Reading your solar charge controller is an important part of making sure that your solar system is functioning properly. Knowing how to read a solar charge controller will give you the information you need to make sure that your system is working as efficiently as possible. In this blog post, we will discuss how to read a solar charge controller and what information you can find from it.
What is a solar charge controller?
Solar charge controllers play an essential role in solar power systems. It helps to manage the power output from your solar panels and ensure that you’re always getting the most out of your investment.
They help your battery bank to stay charged during periods of low sunlight, and can also be used to disconnect your batteries from the grid in case of an emergency power outage.
How to Read Your Solar Charge Controller?
There are two main types of solar charge controllers, the traditional PWM Solar charge controller and more modern MPPT Charge Controllers that typically has Far more powerful features. Depending on which charge controller you use, you’ll want to know how to read them.
There are a number of different buttons and settings and while the purpose for most of these are relatively obvious, setting and then understanding how it works isn’t.
When you buy a solar controller, it often comes with a built-in display or an external display. On these displays you can see several sections with parameters, they are solar panel status, charging status, Battery type, discharge parameters, and load status.
Referring to the manual, you can understand the meaning of each of these parameters and set them at the same time.
Let’s reading the 80A Charge Controller Display as example
Look at the first solar panel symbol on a display. The arrows besides flashing represent it has solar power inputs. The “X” Flash when the solar input is fail.
Under the solar panel, the digits represent the charging currents.
Under the charge current, it’s the PV OFF Value, which represents the stop charge value, when the input voltage is too high, it will automatically stop the charge. You
can set the value or keep it default.
Under the PV OFF, it’s the temperature digits, which represents the environment temp around the temp probe.
The Center shows the Battery Status, In the Center Top, is the Battery bank Voltage.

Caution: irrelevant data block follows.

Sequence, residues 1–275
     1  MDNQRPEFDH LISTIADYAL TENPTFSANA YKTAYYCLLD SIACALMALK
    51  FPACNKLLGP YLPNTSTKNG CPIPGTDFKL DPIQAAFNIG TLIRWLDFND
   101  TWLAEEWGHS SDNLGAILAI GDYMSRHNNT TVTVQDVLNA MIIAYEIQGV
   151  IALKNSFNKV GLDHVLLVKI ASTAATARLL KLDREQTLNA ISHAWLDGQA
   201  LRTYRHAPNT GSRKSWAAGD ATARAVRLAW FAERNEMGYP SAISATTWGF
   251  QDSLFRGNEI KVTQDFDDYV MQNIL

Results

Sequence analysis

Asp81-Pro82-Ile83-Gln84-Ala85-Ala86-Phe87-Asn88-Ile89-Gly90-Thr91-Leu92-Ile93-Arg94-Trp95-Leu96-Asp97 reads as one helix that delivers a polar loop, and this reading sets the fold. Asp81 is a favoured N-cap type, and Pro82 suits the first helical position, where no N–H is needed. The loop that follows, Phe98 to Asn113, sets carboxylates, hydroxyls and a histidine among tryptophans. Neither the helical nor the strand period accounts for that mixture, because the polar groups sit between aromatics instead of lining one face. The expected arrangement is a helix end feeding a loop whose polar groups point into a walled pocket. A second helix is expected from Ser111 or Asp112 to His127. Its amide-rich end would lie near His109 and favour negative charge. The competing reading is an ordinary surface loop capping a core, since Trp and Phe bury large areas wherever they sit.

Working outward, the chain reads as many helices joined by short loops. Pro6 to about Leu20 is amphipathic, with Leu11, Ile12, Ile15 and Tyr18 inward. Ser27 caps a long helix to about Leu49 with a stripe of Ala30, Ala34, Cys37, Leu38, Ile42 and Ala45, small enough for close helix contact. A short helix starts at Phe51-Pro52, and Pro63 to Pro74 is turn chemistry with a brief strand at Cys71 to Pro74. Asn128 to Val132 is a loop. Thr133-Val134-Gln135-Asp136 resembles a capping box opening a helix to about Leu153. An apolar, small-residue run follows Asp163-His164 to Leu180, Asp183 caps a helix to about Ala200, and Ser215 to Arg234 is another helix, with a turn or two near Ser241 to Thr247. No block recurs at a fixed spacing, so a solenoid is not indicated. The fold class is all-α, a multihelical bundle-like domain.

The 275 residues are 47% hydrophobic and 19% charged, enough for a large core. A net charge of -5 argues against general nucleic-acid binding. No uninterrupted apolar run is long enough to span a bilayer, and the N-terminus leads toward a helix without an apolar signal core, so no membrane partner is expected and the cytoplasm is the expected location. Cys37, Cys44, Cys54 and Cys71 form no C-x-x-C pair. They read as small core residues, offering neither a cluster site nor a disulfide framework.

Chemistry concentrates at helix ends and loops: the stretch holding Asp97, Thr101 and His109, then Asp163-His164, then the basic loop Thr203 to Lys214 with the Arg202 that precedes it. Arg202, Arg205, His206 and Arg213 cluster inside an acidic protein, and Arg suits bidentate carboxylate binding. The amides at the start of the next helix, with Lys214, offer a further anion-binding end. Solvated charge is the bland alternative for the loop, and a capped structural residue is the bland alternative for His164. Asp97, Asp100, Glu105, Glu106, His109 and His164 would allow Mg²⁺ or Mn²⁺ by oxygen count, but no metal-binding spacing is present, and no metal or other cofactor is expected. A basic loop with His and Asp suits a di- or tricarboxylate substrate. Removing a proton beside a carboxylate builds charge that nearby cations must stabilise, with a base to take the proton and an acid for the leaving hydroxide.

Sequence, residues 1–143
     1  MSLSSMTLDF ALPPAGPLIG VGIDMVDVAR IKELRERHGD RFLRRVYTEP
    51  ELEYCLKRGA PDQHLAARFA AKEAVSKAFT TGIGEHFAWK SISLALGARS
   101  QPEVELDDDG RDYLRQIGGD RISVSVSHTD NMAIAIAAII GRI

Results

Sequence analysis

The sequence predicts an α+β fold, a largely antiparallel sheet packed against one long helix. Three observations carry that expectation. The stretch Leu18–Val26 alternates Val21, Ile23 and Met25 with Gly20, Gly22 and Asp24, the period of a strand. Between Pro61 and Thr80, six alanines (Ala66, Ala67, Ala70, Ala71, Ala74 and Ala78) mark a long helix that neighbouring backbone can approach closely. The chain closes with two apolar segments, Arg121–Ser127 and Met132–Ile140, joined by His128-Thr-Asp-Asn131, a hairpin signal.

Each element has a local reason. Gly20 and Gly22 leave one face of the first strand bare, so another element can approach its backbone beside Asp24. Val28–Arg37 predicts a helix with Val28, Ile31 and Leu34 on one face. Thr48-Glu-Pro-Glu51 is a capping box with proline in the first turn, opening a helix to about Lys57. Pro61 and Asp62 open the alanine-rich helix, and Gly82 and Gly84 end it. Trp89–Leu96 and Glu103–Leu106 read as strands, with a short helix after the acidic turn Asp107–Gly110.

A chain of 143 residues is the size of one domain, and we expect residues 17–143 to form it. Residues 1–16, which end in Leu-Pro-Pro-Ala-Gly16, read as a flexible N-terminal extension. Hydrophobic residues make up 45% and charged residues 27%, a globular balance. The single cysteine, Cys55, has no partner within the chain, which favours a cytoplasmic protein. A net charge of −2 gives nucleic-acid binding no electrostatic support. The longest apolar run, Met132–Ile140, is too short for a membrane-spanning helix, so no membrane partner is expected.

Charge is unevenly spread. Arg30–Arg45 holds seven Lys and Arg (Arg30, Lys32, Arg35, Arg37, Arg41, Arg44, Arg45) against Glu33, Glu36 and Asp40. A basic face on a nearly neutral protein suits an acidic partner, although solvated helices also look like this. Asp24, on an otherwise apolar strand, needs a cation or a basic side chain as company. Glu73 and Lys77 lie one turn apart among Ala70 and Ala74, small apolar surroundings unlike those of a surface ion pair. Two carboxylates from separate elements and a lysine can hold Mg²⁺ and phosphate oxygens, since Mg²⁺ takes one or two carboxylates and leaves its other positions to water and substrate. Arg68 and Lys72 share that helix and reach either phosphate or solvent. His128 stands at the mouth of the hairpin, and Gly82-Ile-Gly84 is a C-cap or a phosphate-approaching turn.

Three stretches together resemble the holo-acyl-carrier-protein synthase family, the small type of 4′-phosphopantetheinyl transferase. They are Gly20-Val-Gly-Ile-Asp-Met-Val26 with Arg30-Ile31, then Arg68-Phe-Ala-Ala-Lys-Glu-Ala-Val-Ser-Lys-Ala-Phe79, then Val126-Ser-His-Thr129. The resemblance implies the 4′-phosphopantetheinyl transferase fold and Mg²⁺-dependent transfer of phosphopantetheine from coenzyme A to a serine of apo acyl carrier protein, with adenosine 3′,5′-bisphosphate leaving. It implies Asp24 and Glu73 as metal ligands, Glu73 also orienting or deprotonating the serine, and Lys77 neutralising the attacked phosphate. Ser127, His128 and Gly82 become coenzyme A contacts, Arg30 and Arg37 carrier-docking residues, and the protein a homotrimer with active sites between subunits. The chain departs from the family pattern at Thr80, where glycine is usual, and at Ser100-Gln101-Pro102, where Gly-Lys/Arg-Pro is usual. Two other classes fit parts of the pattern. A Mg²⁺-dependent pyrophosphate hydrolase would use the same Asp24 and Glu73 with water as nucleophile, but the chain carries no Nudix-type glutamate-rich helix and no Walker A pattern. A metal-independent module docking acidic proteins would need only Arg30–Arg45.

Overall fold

On the Battery symbols, you can see the Current Battery Capacity, expressed as a percentage.
On the right of battery voltage, the arrow and “X” represent the discharge process and status, flash means it works as normal, “X” FLASH means it does not work.
The “Bulb” symbol is representing the “Load”, as some small lights where you can connect it with the load section of the charge controller.
The Load, Load OFF and Load On Value are the parameters to control the Load Running, you can set the discharge current, discharge cease voltage, and discharge restore voltage to control the Load Running and Timing it.
MPPT controllers are more complex than PWM controllers, and their setup is more complicated, even with multi-level setup pages.
Let’s read the EPever TracerAN MPPT Charge Controller for an example.
Reading MPPT Solar Charge Controller
As shown above, these icons will change or blink depending on the system status.
With the help of button operation, you can access different function areas to view and set parameters, including charging current, charging voltage, stop charging setting, temperature, battery type, battery condition, and load condition as mentioned above.
How to Set Solar Charge Controller in 2023
Solar Charge Controller voltage setting Guide
Solar Charge Controller troubleshooting Guide
Solar Charge Controller Blinking & Flashing Meanings and Fix
Solar Charge Controller Error Codes Guide
A Solar Charge Controller will come in handy for a number of things, and having one that is easy to read is one of the most important things you should be looking for when choosing a product. If you’ve never read a solar charge controller before, it can feel a little intimidating, but the good news is that these controllers aren’t as confusing as they first appear after you read our post.